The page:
Entry: 10/26/07 - I worked at the shop all day today and in addition to the hands-on experience of installing a new windshield and seal in a '64 356C just like mine, I went on a shopping trip into the parts room and picked-up all the last parts and supplies required to finish my engine assembly. I was advised by the mechanics that I should be running a hotter plug in the car than the ones that they observed in my engine so I followed their recommendation, going with NKG BP5HS plugs. I also bought a tube of "Dirko" case sealing compound, 4 quarts of Swepco 30 weight oil, assorted high quality "crush" type sandwiched metal exhaust and intake gaskets, sealing gaskets, M8 x 15 clutch bolts, belt, fuel filter, spare points and such. Finally, this weekend is the time to begin putting it all together, back in the car and get it running. I live for hearing it belch fire and come to life with a sweet note through that race style exhaust set-up!
Entry: 10/27/07 - Final assembly of the engine was todays objective and other than an unplanned trip to the shop in Ballard to pick-up a set of intake manifold to head gaskets, everything came together quite smoothly. I don't know how I overlooked the lack of those key gaskets but none were included in either of the gasket sets (engine and top-end) I had purchased. I took extra pains to resurface the faces of the 'J' tube exhaust flanges since it looked like there had been some exhaust leakage there and I think I got a good seal. So here's how it sits tonight, the front side is all assembled and needing only a piece of 20 mm ID braided tube to connect between the oil filler can and the right air filter, the linkage to connect the thermostat rod to the carburetor pre-heat flaps and the clamp to hold the fuel line to the cooling tins. I love comparing my restoration to the old factory photo of new engines lined-up for installation, I think I got pretty close.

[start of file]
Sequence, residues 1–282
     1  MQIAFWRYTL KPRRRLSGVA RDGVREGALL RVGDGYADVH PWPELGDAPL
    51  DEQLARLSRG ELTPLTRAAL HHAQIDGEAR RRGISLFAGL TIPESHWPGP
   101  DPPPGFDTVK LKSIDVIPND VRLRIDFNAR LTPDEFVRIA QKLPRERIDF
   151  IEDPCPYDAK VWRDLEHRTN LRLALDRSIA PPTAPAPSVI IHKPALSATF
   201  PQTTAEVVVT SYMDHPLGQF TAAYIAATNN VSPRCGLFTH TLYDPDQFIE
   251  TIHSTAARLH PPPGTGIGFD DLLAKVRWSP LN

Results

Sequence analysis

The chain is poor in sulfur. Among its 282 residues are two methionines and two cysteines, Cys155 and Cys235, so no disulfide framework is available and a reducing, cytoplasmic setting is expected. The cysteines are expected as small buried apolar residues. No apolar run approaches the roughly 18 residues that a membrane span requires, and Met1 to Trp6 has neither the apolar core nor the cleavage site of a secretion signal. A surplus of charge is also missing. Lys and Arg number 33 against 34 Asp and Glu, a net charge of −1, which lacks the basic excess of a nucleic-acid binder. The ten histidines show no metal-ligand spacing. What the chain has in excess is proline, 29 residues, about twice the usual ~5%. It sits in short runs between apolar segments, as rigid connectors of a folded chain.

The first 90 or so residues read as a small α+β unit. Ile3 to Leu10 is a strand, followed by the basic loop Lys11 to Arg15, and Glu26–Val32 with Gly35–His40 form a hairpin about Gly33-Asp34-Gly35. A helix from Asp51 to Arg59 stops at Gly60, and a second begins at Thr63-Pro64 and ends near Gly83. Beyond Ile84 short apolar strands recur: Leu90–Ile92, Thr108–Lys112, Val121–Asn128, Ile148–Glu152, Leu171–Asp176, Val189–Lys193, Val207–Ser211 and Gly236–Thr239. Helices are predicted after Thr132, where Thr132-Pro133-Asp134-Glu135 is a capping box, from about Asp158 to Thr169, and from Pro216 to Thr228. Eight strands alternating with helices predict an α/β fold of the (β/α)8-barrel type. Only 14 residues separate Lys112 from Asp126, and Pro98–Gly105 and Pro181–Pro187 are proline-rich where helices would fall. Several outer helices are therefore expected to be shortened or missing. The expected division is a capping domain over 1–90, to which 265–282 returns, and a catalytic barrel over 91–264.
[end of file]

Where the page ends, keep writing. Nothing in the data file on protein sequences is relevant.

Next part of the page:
On the back side, all that remains is finding or fabricating the bracket that holds the fuel lines away from the throttle linkages and installing the pressure plate and clutch. I will be making all the adjustments to the carburetors and linkages now that they are installed on the engine yet still easy to get to and then the engine will be ready to put back into the car!
Here's one more shot using the flash to capture more detail:
Entry: 10/30/07 - Finishing up all the miscellaneous fabrication and assembly tasks was on the agenda for today's work on the engine. I scrounged around the shop yesterday while I was working to find the pieces that were missing from my carburetor pre-heater control rod and repair mine today. I also stopped by the ships store at my marina and found the perfect lightweight ribbed plastic, 20 mm ID tubing, intended for venting a bilge on a boat and equally suited for a crankcase vent tube on my 356 motor. I also found a nice yellow cadmium plated generator pulley nut to replace the old black painted one.
The missing fuel line clamp that mounts on a captive nut under the cylinder #4 sparkplug was fabricated out of a piece of 20-gauge sheetmetal. The clamp keeps the fuel line pushed back against the front engine tin and out of the way of cylinder #3 sparkplug wire. There is no movement in the steel fuel line whatsoever, which will keep it from rubbing.
The missing fuel line clamp on the back of the doghouse fan housing was copied from an original one I measured at work yesterday. The 'L' bracket was bent out of ½" wide, 1/16" thick strap metal and the clamp out of 20-gauge sheetmetal. The clamp in held in place by the same, long bolt that holds the coil bracket to the front side of the doghouse fan housing and it pushes back and keeps the fuel line out of the travel area of the carburetor linkage. All that remains before installing the engine in the car is attaching the clutch (after I remove the engine from the stand) and setting-up the carburetors, which will involve filling them with gasoline and measuring the float levels and accelerator pump "squirt" volumes. Suffice to say, I am getting very excited about test driving this engine!